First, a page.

One of the biggest concerns I’ve noticed from many Tesla Model 3 reservation holders is the Model 3’s trunk. Will it be big enough? Will it hold a stroller or bike? Will it safely house my full-sized LEGO Batman?
I was personally a bit concerned about it as well, for a couple of reasons — 1) everyone else seems concerned about it and 2) getting our stroller in and out of car trunks hasn’t been particularly easy (even with hatchbacks).
However, I also thought, “Wait a sec, we always had trunks growing up (in a 4-child family) and never seemed to have a problem. Is this really a big deal?”
In a bit of luck, I recently rented a Volvo S60 … with a traditional trunk. Furthermore, the trunk is rated at 12 cu. ft. Tesla has indicated that Model 3 cargo capacity will be 14 cu. ft. I’m assuming ~2 cu. ft. of that storage space is in the frunk, putting the rear trunk at ~12 cu. ft, which makes the Volvo S60’s trunk an exceptional comparison (I think).
When I opened up the Volvo S60’s trunk, I thought, “Oh shit, the stroller’s definitely not going to fit in here, and especially not with the ‘big suitcase’ and other bags.”
Apparently, my eyes and mind have spatial challenges when looking into a trunk. I went upstairs, brought down the funky stroller, broke it into two parts (as you have to do), folded those parts up, and slid them into the trunk. To my great surprise, they fit superbly if I put the two pieces in with the long sides parallel to the long side of the car (different from how I normally do it in a hatchback).
I still thought, “Well, there’s definitely not space for the ‘big suitcase’ next to the stroller. How are we going to handle this?” I went and got the suitcase and tried anyway — it fit! Snug as a cat in a top hat. I was honestly shocked. Looking at the trunk at the beginning, I almost broke into cold sweats. Our trip to the in-laws was going to start off with a disaster … it seemed. In the end, though, everything fit great — disaster averted (or, more accurately — “imagined disaster just a premature hallucination”).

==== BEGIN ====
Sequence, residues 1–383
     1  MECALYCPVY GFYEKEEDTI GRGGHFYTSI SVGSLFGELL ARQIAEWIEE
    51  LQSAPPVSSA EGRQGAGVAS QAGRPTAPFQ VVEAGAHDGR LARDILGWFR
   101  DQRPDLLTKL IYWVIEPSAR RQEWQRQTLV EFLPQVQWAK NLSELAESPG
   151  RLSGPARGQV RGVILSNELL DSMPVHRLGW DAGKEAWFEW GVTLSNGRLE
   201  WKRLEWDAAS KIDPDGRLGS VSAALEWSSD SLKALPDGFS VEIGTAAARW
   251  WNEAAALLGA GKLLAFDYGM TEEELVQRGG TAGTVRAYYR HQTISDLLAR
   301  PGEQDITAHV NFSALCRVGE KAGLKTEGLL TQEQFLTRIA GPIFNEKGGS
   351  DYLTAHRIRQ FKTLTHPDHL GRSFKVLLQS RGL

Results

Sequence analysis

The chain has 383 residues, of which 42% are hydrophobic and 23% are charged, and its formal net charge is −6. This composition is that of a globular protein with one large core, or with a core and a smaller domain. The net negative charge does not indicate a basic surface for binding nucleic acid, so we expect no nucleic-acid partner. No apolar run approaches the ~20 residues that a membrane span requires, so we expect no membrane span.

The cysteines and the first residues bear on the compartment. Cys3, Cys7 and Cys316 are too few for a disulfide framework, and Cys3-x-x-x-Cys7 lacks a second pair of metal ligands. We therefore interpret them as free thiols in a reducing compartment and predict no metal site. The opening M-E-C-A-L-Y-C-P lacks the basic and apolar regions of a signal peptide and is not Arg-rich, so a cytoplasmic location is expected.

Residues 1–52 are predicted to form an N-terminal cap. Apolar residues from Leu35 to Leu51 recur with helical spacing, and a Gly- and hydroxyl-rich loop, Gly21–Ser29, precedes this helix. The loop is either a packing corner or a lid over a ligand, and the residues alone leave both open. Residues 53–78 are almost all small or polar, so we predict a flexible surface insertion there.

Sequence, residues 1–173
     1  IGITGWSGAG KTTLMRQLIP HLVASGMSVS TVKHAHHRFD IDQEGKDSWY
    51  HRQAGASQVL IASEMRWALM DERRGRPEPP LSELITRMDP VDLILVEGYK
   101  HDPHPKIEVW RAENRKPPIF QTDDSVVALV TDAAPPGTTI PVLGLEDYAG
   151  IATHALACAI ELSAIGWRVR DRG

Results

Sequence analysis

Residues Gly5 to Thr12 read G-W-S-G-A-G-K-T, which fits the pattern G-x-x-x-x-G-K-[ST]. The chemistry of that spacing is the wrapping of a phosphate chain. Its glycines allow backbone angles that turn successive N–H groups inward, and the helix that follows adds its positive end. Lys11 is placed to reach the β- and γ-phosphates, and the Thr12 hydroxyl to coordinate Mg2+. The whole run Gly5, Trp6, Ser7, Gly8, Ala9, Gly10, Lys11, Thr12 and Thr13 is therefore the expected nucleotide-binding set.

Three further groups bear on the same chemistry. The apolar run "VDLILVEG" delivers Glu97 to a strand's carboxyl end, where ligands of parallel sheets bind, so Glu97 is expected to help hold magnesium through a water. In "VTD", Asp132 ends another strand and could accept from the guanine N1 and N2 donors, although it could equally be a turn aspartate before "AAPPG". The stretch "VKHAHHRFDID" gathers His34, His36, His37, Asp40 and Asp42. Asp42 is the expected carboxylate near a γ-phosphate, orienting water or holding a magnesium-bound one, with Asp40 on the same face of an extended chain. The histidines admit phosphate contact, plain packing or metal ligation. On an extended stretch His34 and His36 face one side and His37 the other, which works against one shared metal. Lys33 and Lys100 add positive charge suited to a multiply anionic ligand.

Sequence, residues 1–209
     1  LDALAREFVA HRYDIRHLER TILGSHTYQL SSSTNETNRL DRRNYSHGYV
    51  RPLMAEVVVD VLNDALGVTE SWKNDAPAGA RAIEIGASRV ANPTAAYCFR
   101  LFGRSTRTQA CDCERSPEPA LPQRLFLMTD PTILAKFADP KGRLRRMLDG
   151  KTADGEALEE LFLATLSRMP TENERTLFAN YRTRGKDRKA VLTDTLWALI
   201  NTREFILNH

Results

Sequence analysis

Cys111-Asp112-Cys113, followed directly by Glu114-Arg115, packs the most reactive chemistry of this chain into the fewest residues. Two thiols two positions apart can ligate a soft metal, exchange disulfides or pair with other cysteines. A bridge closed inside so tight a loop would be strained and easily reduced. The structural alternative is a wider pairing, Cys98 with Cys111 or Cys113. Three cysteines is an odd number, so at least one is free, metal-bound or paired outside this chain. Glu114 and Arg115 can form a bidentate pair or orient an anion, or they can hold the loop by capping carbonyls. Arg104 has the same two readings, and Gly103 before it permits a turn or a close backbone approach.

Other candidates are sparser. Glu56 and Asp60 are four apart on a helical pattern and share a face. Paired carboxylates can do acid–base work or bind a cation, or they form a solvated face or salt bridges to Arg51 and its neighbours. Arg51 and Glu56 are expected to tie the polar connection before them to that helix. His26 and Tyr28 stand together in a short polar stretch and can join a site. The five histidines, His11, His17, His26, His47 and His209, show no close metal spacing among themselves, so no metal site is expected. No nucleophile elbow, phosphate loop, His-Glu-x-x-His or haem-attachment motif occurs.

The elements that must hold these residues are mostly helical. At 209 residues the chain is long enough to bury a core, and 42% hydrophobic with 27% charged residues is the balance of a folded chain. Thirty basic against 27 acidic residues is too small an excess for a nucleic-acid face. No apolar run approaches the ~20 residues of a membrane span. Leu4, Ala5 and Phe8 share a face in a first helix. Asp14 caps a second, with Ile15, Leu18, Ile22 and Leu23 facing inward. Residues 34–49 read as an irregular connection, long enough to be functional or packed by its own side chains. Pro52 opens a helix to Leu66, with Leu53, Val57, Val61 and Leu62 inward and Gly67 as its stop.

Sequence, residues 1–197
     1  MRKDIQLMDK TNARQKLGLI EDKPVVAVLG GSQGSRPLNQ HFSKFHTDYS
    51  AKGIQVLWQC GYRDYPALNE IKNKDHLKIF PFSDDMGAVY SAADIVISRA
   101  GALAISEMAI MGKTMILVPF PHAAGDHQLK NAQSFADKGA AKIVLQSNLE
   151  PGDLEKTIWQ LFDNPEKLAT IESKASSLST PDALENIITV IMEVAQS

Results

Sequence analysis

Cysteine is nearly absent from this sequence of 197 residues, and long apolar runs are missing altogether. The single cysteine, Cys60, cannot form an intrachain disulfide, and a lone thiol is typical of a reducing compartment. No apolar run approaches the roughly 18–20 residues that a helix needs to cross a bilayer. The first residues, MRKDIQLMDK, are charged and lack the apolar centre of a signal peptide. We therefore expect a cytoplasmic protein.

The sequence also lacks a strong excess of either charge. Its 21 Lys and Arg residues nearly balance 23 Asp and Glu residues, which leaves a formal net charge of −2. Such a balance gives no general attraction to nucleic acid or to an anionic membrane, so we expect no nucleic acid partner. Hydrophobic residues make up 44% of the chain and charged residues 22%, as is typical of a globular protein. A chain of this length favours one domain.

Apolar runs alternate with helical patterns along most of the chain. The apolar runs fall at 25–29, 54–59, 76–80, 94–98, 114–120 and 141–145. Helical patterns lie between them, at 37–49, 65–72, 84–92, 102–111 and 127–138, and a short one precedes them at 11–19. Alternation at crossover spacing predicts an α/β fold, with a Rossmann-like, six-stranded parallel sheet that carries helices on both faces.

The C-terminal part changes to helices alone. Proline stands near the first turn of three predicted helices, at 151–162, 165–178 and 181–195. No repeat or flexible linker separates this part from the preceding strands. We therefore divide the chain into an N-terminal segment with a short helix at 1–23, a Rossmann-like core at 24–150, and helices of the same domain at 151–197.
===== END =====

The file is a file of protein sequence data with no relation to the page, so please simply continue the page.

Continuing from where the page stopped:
Naturally, a prime thing I was thinking about all of this time was how things would work with the Model 3. I feel much more comfortable about the Model 3’s practicality now. In fact, thinking about taking the Model 3 on a long trip instead of the Model S, I’m even more excited since I really prefer smaller cars. The Model 3 isn’t a particularly small car (it’s a little longer than a BMW 4 Series — 430i Coupe — and a little wider than a BMW 5 Series — 530i Sedan), but the Model S is a landboat.
Granted, there’s still a tiny tingle of concern, and it’ll be there until I actually get a Model 3 to my home and stick our luggage, strollers, and such into the trunk, frunk, and perhaps passenger area. But I feel confident that our needs will be adequately met by the Tesla Model 3 if they were met by the Volvo S60.
When you look into a dark, cavernous trunk, it looks like a debilitating trick meant to inspire claustrophobia, but remember that wearing black makes you look skinnier, and the deep shadows of a trunk have a similar effect. Don’t knock it till you’ve tried it.
For one more look at the numbers, if the Tesla Model 3 does have 14 cu.ft. of cargo capacity, consider how your needs may or may not be met by ~2 cu. ft. in the frunk, potentially a small storage area under the main floor of the trunk, and a fairly deep, dark, dreadnought-produced main storage area.
But, again, don’t stress unnecessarily. 🙂
- 30 Reasons Your Next Car Should Be Electric
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